Monday, July 5, 2021

Thirty Minutes of Sanity


I had just about wrapped up a “Top TV Moments” piece on Eve Plumb, who had the most interesting and varied TV career of the Brady Bunch siblings outside of that iconic series. 


But before I could finish it and post it, the following things happened:


1. I purchased a Honey Baked Ham for the holiday weekend. Before the clerk rang up the $82 purchase, I asked if I could look at the ham. She replied that she couldn’t show it to me “because of COVID.” She did not explain how “COVID” impeded her from taking her plastic gloved hand and lowering one slim layer of gold foil. But one of her fellow clerks chimed in with this helpful suggestion: “You can look at it after you bought it.”


2. I read the details about a new policy in my hometown of Chicago that now prohibits the city’s police officers from chasing after certain criminals. For instance, if a woman is mugged and the thief is fleeing with her purse, an officer is no longer allowed to run after him, and can be suspended or fired for doing so.


Insanity on a small scale, producing only a moment of frustration; insanity on an epic scale, that will likely result in more casualties for a city that already has an obscene murder rate.


This is why the first line of the Introduction to my book When Television Brought Us Together is “Is there anyone else out there who doesn’t understand the world anymore?”


My friend and fellow TV blogger Mitchell Hadley has been publishing a superb series of pieces called “Descent Into Hell” that observe how episodes of classic TV dramas and suspense series from 50 or more years ago could be remarkably prescient in figuring where our culture might be headed.


Classic shows can do that. That’s one reason why so many of us still watch and enjoy them. If they didn’t have something to say to an audience now, there would be no reason to pay attention. But sadly, all they can do is point to a cliff; they can’t stop us from stepping over the edge. Like Wile E. Coyote in every Road Runner cartoon we now seem hell bent on throwing away everything we have to chase something we’ll never be able to acquire, regardless of the cost.


As every week seems to bring another story that adds to the crescendo of crazy, classic TV can also serve another purpose, one that is particularly apt to acknowledge on this Independence Day weekend: We didn’t used to be like this. We were better than this. And we can be better again.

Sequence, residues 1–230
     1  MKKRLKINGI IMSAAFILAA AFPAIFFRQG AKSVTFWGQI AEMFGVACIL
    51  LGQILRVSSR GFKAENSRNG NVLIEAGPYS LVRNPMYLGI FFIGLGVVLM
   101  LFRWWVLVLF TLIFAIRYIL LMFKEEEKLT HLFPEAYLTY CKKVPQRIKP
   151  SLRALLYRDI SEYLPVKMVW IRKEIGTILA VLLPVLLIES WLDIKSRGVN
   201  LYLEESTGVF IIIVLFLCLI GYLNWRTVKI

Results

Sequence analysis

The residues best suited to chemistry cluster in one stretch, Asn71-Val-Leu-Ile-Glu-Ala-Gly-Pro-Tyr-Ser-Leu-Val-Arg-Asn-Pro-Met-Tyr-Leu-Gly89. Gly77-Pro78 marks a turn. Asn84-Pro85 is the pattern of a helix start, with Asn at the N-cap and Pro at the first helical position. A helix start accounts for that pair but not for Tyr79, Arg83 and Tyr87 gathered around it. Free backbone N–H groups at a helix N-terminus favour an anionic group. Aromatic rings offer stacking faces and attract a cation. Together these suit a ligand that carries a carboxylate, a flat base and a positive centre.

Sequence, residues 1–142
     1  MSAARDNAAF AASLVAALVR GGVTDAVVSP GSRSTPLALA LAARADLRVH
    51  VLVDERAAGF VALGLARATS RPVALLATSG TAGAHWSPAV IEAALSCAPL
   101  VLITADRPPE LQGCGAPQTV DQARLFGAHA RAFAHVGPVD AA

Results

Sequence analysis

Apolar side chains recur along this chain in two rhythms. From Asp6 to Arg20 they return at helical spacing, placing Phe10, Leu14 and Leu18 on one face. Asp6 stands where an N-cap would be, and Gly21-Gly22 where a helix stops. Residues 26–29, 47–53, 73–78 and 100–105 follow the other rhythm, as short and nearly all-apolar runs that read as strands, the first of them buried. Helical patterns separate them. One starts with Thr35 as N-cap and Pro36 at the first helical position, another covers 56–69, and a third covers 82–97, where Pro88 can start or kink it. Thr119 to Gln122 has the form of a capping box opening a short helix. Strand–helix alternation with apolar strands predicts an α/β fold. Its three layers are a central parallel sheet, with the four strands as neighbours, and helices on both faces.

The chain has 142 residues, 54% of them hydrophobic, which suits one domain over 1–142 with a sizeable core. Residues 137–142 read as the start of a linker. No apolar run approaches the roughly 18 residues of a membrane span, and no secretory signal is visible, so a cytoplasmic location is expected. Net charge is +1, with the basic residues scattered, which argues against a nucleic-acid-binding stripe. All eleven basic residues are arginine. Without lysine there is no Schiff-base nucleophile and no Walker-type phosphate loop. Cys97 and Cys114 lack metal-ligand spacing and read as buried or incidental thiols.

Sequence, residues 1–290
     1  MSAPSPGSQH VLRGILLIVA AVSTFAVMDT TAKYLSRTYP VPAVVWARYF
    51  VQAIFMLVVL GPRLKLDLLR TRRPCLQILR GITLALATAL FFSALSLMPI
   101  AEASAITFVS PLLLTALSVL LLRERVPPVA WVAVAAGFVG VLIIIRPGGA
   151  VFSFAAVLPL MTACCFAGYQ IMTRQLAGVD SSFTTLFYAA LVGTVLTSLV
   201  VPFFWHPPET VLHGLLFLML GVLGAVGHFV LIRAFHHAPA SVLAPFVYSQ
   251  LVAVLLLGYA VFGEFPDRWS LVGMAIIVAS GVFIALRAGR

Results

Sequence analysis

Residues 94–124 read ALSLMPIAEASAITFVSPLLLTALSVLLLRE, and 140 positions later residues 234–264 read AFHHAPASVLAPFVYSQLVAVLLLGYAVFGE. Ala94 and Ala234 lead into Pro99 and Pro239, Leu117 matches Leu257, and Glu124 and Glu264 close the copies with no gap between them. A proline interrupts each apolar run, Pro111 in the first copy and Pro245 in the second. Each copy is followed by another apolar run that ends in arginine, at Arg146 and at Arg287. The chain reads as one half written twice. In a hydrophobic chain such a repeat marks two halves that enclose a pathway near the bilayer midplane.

Television can create fads and catchphrases and even inspire career choices, but it cannot mold an entire civilization. That is up to us. What TV can do, and must do for its dramas and comedies and variety shows to be credible, is reflect an accurate picture of the times, places and characters it portrays – specifically as it depicts their priorities, outlooks and values.


Pick a show – I can’t imagine you’d be here if you didn’t have a few favorites from the Comfort TV era. Why do you still watch them, especially if you have already watched every episode? The stories will no longer surprise you, the punch lines might still be funny but they won’t be as funny as the first time you heard them. So what are you getting from this experience that makes it time well spent? 


I can’t answer for you but I can answer for me, and I would suspect my motivation is not very different from yours.


It’s thirty minutes of sanity; it’s spending time in the company of happy families and responsible fathers and qualified teachers and reliable newspapers and (mostly) honest politicians. It’s where characters learn lessons about forgiveness and humility, honesty and civics (a word that now seems as archaic as CB radio language – 10-4, good buddy).


It’s seeing the best of us – and being inspired again to follow the example being set, even if it sometimes feels like you’re the only one still trying. 


Faith, family and community are part of the bedrock of so many television shows from the 1950s through the 1970s.  I read one author who wrote they have been replaced with a new postmodern trinity – race, class, and gender. It’s interesting how the first three encourage individuals to look outward, to think of ourselves as part of something larger and inviting us to contribute something positive to that collective. And the second set, at least as most commonly expressed, look inward and issue demands – this is who I am, and this is how I expect you to regard me.


I’ll stick with the first option. To me faith, family and community are beautiful things. And I see them in these shows and their portrayal of good people living good lives. 


“For beauty is a source of strength for man. It is inspiration for work, a light that guides us through the darkness of human existence and allows us to overcome all evil, all suffering, with good.”

Pope John Paul II


That’s not the only reason I still watch these shows. But it certainly ranks near the top.


P.S. #1: The Eve Plumb piece will run next week.


P.S. #2: The ham was really good.


  1. David, this was a lovely, thoughtful piece. I skimmed it once, read it twice and get what you're saying, but don't know what to say... but gosh I couldn't agree with you more.

  2. ApacheDug is right, David. Just a wonderful piece, and so spot on! And thanks for the plug, by the way, but mainly thanks for writing this!

  3. Thank you for writing and sharing this; the quote from St. John Paul II was the period at the end of a beautiful sentence. I share my love for classic TV with my children and they enjoy being entertained without being shamed or put down. May classic TV live on forever!